The predominant feedback we received focused on the time allotted for the session being too little. The overall topic of perioperative medicine is quite large, and we worked to cover topics that we thought essential, while briefly discussing further nuances. We would recommend using a longer period of time, expanding from 120 minutes to 140, with a plan to spend 70 minutes on the first portion, take a 10-minute break, and then spend 60 minutes on the second section (or do the second half on a subsequent day); a time line summarizing this longer session approach is shown in Figure 2.

    Figure 2. Longer session time line.

    Alternatively, the session could be broken into three sections, each taking 50–60 minutes, taught over three separate sessions or over about 180 minutes (in which case, we would suggest doing the first portion through Appendix A, slide 23; the second session starting with the first set of cases through slide 45; and the final session starting with the second set of cases through the end of the slideshow).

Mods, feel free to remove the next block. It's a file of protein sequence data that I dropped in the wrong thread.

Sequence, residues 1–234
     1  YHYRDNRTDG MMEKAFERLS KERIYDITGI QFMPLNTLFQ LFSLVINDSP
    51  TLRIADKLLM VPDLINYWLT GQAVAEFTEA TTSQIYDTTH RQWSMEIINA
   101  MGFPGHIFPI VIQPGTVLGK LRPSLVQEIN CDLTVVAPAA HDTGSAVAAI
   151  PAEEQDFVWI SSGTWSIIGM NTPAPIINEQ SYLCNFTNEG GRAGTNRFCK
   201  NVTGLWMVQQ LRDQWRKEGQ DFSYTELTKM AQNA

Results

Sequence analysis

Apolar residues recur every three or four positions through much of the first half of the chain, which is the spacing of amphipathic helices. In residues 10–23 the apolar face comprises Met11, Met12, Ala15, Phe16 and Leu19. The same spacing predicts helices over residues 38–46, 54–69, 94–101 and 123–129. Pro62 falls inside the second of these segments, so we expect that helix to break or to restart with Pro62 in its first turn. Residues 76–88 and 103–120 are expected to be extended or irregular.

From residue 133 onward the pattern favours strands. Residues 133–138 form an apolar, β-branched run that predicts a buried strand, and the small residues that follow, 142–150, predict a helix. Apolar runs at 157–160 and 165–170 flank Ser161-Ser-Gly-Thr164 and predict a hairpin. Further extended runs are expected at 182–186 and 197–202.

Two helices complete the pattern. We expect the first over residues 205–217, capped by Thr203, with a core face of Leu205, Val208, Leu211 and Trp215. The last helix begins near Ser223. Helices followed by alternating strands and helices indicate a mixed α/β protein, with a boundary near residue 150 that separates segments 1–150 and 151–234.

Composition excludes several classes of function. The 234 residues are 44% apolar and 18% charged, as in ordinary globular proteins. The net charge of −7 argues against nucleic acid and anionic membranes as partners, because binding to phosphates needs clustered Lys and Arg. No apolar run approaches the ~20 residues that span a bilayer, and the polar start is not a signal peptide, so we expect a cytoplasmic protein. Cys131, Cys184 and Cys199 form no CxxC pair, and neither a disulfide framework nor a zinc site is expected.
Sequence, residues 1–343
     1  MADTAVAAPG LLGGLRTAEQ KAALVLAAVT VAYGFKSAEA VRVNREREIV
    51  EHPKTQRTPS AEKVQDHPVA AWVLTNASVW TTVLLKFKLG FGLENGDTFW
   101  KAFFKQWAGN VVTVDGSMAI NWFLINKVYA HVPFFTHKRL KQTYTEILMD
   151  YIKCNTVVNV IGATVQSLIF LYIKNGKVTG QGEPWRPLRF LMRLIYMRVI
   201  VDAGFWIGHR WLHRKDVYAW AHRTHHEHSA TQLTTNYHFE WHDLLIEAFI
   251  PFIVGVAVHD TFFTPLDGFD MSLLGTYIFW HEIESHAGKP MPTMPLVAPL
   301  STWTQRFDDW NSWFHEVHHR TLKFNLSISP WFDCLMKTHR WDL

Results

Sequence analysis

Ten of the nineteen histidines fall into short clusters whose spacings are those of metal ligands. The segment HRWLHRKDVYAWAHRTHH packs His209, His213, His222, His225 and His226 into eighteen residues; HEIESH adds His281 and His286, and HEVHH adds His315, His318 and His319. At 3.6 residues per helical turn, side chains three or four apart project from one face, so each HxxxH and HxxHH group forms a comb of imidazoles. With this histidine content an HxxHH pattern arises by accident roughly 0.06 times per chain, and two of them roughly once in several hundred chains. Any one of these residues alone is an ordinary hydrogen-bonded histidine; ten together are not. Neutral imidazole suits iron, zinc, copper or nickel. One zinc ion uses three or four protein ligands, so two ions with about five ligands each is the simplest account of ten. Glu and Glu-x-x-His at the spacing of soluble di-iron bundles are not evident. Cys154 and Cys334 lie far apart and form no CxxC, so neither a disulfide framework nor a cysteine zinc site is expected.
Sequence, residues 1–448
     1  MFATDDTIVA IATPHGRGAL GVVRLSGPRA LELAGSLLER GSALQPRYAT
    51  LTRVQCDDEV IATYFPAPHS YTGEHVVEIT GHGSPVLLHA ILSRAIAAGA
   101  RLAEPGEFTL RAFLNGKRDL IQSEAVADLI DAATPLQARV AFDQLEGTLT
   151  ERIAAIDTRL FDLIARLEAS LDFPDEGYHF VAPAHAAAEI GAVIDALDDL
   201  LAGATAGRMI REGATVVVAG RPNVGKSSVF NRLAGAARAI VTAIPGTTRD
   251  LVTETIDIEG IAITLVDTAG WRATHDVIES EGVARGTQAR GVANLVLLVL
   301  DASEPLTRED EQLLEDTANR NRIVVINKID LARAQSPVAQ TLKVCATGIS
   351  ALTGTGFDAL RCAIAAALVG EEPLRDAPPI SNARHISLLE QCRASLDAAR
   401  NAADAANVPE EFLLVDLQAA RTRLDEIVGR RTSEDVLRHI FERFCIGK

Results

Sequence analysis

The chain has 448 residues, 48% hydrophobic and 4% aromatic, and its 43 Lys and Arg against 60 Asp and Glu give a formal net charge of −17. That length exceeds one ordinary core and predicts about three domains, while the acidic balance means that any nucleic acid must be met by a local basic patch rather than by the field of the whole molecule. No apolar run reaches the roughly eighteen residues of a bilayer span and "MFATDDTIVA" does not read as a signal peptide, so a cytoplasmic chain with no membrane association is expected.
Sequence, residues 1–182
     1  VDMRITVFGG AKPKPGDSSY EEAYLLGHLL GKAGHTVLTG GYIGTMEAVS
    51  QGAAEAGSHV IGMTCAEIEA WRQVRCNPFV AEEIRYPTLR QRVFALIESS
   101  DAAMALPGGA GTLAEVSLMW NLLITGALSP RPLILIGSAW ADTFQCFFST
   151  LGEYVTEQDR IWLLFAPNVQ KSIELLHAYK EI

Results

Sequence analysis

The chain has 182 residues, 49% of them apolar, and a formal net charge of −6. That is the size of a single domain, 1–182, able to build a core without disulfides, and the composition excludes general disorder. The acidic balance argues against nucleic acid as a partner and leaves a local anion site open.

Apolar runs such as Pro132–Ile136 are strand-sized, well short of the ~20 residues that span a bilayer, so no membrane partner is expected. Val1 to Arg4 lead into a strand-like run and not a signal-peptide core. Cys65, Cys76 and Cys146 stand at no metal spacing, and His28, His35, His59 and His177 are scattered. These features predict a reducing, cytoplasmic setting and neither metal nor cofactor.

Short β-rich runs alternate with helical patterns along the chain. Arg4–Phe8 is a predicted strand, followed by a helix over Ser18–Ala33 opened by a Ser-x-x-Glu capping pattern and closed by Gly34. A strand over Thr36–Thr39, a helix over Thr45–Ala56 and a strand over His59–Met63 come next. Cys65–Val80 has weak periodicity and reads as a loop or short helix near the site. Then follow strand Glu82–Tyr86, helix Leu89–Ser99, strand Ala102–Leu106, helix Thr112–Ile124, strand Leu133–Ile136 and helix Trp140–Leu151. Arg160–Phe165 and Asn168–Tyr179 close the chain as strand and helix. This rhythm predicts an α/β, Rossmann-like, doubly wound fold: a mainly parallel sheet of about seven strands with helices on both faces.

We otherwise found that the educational flow of the session went well and was generally well regarded by the residents who experienced it. We developed the session in concert with our internal medicine consult service group and found it important to ensure that the recommendations for the teaching paralleled the practice of the group our residents worked with clinically. Four residents missed this session due to vacation; we provided them with the slideshow to work through independently, but we did not assess its impact due to their small number.